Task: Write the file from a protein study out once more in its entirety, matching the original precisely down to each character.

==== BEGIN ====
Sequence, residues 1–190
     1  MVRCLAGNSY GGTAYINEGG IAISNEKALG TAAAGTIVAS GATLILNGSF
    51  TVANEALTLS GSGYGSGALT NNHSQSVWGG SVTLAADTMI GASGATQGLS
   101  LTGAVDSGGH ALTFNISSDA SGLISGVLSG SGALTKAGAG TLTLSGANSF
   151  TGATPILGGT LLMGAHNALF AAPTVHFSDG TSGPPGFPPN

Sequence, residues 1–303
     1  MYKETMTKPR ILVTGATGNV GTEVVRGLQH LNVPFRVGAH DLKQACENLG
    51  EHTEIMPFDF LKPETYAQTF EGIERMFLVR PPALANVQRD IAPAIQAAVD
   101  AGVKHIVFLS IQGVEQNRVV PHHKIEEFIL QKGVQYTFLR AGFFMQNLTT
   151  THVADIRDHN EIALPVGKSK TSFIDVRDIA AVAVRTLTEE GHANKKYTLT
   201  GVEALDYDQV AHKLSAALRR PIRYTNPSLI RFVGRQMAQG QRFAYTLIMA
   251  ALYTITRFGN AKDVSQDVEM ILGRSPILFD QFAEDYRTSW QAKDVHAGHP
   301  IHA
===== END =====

Sequence, residues 1–190
     1  MVRCLAGNSY GGTAYINEGG IAISNEKALG TAAAGTIVAS GATLILNGSF
    51  TVANEALTLS GSGYGSGALT NNHSQSVWGG SVTLAADTMI GASGATQGLS
   101  LTGAVDSGGH ALTFNISSDA SGLISGVLSG SGALTKAGAG TLTLSGANSF
   151  TGATPILGGT LLMGAHNALF AAPTVHFSDG TSGPPGFPPN

Sequence, residues 1–303
     1  MYKETMTKPR ILVTGATGNV GTEVVRGLQH LNVPFRVGAH DLKQACENLG
    51  EHTEIMPFDF LKPETYAQTF EGIERMFLVR PPALANVQRD IAPAIQAAVD
   101  AGVKHIVFLS IQGVEQNRVV PHHKIEEFIL QKGVQYTFLR AGFFMQNLTT
   151  THVADIRDHN EIALPVGKSK TSFIDVRDIA AVAVRTLTEE GHANKKYTLT
   201  GVEALDYDQV AHKLSAALRR PIRYTNPSLI RFVGRQMAQG QRFAYTLIMA
   251  ALYTITRFGN AKDVSQDVEM ILGRSPILFD QFAEDYRTSW QAKDVHAGHP
   301  IHA